Six times between 1967 and 1969, the exchanges denied young entrepreneur Ron Brierley the right to list his company, Brierley Investments, on the exchange. He was believed to be a radical, whose habit of buying into sleepy businesses and transforming them would destabilise trading and confound the market. He made it in 1970 by just one vote. Brierley went on to become one of the richest men in New Zealand.
The new system was a fast and accurate means of determining a true market value. Company announcements likely to affect share price were read out as soon as they were received. Many who worked the floor were not brokers but clerks, aggressive and quick-thinking, working to win a seat on their exchange. Post-trading exchanges were open to the public, and this gave impetus to a burgeoning share club phenomenon, which peaked in the 1980s.
During the 1970s pressures came for a national exchange. One reason for this was because with telex services and telephones on the trading floor, many brokers conducted business nationally and sometimes overseas. Another reason was that centralisation had already begun: exchanges sold stocks from other regions and stockbroking had national rules, a national council and executive, national sales reporting and a national disciplinary council.
In 1976 the Stock Association of New Zealand appointed a sub-committee to investigate setting up a national exchange. Two years later the Christchurch and Invercargill exchanges merged.
This merger led to the national New Zealand Stock Exchange being set up in 1983. The Stock Exchange Council replaced the Stock Exchange Association as the profession’s elected ruling body. Under the new organisation, brokers and operators still worked on their local floor and elected delegates to the council, but the national office now directed all operations.
When a Labour government came to power in 1984, finance minister Roger Douglas embarked upon a major deregulatory programme which was welcomed by brokers. Fiscal deregulation, sustained high interest rates, a newly floated New Zealand dollar and burgeoning overseas markets were a potent recipe for a market explosion. The floating dollar and the internationalisation of securities trading were primary factors in the New Zealand Stock Exchange gaining its first-ever membership of the Fédération Internationale des Bourses de Valeurs, which later became the World Federation of Exchanges.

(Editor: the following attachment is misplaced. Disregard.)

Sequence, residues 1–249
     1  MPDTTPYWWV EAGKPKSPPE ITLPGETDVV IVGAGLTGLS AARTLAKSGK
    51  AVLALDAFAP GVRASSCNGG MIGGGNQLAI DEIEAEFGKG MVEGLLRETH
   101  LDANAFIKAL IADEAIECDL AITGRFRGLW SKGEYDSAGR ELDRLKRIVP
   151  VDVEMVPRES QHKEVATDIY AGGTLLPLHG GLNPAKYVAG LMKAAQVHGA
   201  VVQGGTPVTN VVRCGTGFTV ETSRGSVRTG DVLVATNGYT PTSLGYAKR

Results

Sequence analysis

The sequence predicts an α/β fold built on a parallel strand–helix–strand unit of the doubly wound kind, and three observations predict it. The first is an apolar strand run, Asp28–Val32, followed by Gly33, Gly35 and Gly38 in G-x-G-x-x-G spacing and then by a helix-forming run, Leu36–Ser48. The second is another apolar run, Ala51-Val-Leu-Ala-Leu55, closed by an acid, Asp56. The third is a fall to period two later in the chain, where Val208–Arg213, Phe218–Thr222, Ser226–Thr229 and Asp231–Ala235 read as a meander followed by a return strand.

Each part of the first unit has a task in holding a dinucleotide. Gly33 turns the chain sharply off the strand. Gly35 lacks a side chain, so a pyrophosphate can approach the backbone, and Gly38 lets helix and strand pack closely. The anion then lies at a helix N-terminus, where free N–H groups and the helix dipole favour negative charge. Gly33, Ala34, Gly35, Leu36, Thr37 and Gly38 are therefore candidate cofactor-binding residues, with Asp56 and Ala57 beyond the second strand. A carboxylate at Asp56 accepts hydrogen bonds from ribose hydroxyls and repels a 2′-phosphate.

When stocks are rising, it’s called a ‘bull’ market. In contrast, a market on a downward spiral is known as a ‘bear’ market. The origins of those terms are uncertain, but they were in use in Europe by 1720.
To keep up with the amount of business, broking houses had to employ more staff, many of them inexperienced. There were increased scrip errors and missed transactions. Some investors sold shares before paying for their purchase, which exacerbated the paper jam. Margin trading – buying shares on credit – became common. In the proliferation of takeovers, insider trading, which was not yet a criminal offence in New Zealand, was rampant.
In March 1986, reflecting the confidence of a bull market, the Auckland exchange moved to new state-of-the-art premises on a prime site on the city’s busiest intersection, the corner of Queen and Victoria streets. Within a few months most major broking firms were within walking distance of the new floor. This reflected the fact that more business was now conducted through Auckland as the country’s leading financial centre.
‘No frills’ brokers emerged such as Stephen Lunn and his Counter Share Trading Company, and Bill Garlick’s Access Brokerage. They introduced cut-price fees to undercut established brokers who gave advice as well as trading shares. By July 1987 more than 40% of the country’s adult population owned shares. Trading levels were four times the level they had been 12 months earlier.